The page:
The Centre for Petroleum Information (CPI) at a Petroleum Policy Roundtable held in Lagos warns that as long as Nigeria fails to develop its gas sector as ‘transition’ fuel, it remains at risk of increased declined in revenue.
The roundtable with the theme. “Nigerian Petroleum Industry and the Low Carbon Future”, predicts the decline in revenue as the world’s demand for electric vehicles (EVs) are expected to rise to 100 million units by 2030.
This will effectively lead to a significant decline in world’s demand for gasoline and diesel.
“With the world moving to low carbon future, following 2015 UN Paris Climate Change Summit, global transport is expected to be dominated by electric vehicles.
“Additionally, the world will continue to depend a lot more on electricity generated significantly from renewable energy sources, according World Economic Forum (WEF).
“Statistics from the International Energy Agency (IEA) indicates that more than 100 million electric vehicles will be available worldwide by 2030 and the number is expected to grow by 100 million every five years.
“Consequently, Nigeria’s biggest buyers of crude oil, China and India will possibly have to drop Nigerian oil as they are expected to have more than half the IEA number.’’
The global energy market has experienced and will continue to experience a rapid change in the complexion of global energy within the next decade and beyond, therefore, the need for the Nigerian its petroleum industry to transition to renewable energy, the Centre for Petroleum Information (CPI) cautioned.
As the cleanest of fossil fuels, gas is expected to stay relevant in the transition to a low carbon future; and this gives Nigeria the opportunity to play in the renewable energy market as the West African nation is the fifth largest Liquefied Natural Gas (LNG) supplier.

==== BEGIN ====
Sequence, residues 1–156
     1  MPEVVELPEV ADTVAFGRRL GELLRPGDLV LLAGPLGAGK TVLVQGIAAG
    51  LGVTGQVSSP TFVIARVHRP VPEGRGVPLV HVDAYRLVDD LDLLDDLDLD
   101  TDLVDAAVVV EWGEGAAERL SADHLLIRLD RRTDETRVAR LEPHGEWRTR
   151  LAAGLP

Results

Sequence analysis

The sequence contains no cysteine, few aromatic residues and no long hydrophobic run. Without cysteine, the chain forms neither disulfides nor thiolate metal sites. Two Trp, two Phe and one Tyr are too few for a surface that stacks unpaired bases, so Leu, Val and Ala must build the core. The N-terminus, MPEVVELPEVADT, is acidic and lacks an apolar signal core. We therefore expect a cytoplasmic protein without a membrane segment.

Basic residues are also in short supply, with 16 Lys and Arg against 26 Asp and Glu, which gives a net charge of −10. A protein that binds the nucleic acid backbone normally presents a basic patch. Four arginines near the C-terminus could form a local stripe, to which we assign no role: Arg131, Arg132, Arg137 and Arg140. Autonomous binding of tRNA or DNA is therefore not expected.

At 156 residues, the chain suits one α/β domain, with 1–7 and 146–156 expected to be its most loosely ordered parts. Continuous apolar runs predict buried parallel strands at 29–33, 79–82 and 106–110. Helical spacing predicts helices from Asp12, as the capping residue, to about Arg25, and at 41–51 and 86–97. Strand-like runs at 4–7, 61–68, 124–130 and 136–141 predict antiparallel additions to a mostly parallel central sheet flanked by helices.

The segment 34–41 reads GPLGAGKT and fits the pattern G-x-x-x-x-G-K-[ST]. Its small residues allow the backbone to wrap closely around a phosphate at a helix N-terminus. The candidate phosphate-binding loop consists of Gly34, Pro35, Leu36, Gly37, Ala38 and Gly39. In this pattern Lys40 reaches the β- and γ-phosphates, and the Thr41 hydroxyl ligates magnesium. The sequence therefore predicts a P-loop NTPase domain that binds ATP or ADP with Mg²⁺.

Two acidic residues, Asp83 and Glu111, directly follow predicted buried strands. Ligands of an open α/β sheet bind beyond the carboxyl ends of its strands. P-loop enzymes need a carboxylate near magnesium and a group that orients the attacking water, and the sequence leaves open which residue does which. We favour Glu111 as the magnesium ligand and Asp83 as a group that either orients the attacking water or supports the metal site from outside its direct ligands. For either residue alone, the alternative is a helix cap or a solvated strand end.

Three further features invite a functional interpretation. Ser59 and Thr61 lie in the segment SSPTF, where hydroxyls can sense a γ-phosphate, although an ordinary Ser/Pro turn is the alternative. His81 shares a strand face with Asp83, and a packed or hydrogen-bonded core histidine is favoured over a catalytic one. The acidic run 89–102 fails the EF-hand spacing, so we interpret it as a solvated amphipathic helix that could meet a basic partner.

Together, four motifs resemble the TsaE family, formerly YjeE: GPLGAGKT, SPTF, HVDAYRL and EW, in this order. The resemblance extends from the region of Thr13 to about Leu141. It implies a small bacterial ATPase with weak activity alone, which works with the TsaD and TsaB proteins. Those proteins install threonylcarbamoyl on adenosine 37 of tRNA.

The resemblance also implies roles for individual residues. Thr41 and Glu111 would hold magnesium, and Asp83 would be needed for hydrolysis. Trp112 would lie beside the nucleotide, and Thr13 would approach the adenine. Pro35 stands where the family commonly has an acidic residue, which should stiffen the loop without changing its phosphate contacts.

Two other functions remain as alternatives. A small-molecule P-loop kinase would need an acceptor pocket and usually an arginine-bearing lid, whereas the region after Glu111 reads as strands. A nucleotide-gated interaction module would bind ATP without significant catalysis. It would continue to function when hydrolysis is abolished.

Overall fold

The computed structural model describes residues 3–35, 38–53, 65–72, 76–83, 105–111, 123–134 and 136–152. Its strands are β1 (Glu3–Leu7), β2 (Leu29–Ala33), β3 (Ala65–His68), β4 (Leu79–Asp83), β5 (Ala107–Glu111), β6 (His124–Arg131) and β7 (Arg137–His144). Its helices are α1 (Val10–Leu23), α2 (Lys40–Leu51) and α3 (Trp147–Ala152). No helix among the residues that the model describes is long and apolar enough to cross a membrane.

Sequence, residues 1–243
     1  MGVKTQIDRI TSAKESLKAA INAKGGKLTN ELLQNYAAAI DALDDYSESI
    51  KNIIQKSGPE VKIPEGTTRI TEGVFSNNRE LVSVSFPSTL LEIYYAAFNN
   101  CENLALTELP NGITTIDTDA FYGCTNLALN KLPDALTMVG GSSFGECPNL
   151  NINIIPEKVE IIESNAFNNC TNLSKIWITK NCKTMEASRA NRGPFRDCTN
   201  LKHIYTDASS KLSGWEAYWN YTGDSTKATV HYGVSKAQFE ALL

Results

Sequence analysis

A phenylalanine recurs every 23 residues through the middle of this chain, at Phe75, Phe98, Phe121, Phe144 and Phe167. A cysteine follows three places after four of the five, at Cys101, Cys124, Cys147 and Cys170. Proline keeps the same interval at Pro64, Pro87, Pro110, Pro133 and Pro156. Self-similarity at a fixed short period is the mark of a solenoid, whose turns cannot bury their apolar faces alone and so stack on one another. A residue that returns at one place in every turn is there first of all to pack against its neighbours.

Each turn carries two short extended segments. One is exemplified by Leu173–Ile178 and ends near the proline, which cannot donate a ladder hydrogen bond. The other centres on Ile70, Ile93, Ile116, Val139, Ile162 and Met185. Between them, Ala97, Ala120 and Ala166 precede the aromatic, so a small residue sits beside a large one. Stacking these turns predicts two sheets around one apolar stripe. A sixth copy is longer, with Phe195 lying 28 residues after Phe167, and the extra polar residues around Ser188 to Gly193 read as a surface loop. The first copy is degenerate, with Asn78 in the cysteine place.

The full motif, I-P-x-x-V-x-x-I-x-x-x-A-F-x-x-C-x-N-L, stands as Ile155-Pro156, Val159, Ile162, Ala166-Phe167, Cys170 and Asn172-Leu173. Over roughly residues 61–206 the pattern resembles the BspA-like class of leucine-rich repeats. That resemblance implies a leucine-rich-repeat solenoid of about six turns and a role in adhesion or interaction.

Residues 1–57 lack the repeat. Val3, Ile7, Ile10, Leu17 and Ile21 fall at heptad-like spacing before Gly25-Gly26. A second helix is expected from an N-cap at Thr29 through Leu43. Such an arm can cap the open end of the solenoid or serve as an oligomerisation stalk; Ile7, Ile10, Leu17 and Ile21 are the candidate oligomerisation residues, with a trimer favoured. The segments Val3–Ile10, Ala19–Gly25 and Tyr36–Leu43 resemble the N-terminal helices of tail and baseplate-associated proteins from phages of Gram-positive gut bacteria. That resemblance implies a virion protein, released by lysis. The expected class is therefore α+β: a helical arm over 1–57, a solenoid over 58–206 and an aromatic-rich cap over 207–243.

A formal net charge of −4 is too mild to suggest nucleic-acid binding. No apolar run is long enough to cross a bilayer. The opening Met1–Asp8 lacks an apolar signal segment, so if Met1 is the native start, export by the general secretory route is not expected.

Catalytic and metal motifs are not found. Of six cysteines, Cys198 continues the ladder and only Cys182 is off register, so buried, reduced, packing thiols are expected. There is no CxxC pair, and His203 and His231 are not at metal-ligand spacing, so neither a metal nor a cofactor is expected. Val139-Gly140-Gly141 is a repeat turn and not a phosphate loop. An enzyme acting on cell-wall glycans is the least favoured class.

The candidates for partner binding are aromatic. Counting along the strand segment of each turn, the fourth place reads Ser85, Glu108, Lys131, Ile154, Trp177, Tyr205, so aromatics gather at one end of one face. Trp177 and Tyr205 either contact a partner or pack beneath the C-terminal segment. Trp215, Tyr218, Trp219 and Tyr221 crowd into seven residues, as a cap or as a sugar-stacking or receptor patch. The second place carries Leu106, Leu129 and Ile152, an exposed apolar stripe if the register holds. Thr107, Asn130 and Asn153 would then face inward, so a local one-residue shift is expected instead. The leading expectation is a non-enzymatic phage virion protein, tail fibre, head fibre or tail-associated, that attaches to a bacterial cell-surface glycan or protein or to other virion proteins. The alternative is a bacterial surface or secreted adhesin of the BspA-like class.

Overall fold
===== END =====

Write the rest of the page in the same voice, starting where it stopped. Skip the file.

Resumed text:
Nigeria last month signed a front-end engineering and design (FEED) contracts with two consortia towards the realisation of Final Investment Decision (FID) for the 7.7-MTPA Train 7 expansion of the Bonny Island plant.
Speaking, the past President of the African Refining Association, Mr. Anthony Ogbuigwe, said: “There would be a significant drop in the demand for gasoline (PMS) and diesel,” and “the emphasis would necessarily shift to petrochemicals.”
“This effectively calls for a rethink of renewable energy strategy at the Nigerian National Petroleum Corporation (NNPC). ‘’
The corporation, he said, should consider partnering with IOCs such as Total to get utility-scale solar power projects off the drawing board, in consonance with the now urgent demands of a low carbon future.
The roundtable also recommended that the Nigerian petroleum industry replicates Azura-Edo IPP gas supply model and calls for more support for gas to power arrangements, such as that between Seplat and the hugely successful Azura-Edo independent power plant.
“The ‘willing buyer, willing seller’ gas pricing model worked well (as Azura is the only power plant in Nigeria without gas supply issues) and ought to be replicated for all such new gas to power projects. Nigeria must learn to celebrate and build on its success,” it said.
The roundtable was comprised of Tony Attah, Managing Director/CEO, Nigeria LNG Limited; Edu Okeke, Chief Operating Officer, AzuraEdo IPP; Gbenga Apampa, Head New Energies, Total E&P; Abdulhamid Aliyu, Group General Manager, Renewable Energy Division, NNPC; Tony Ogbuigwe, Managing Consultant, PEJAD Limited; Victor Eromosele, and CEO, Mentor Energy Consulting Limited.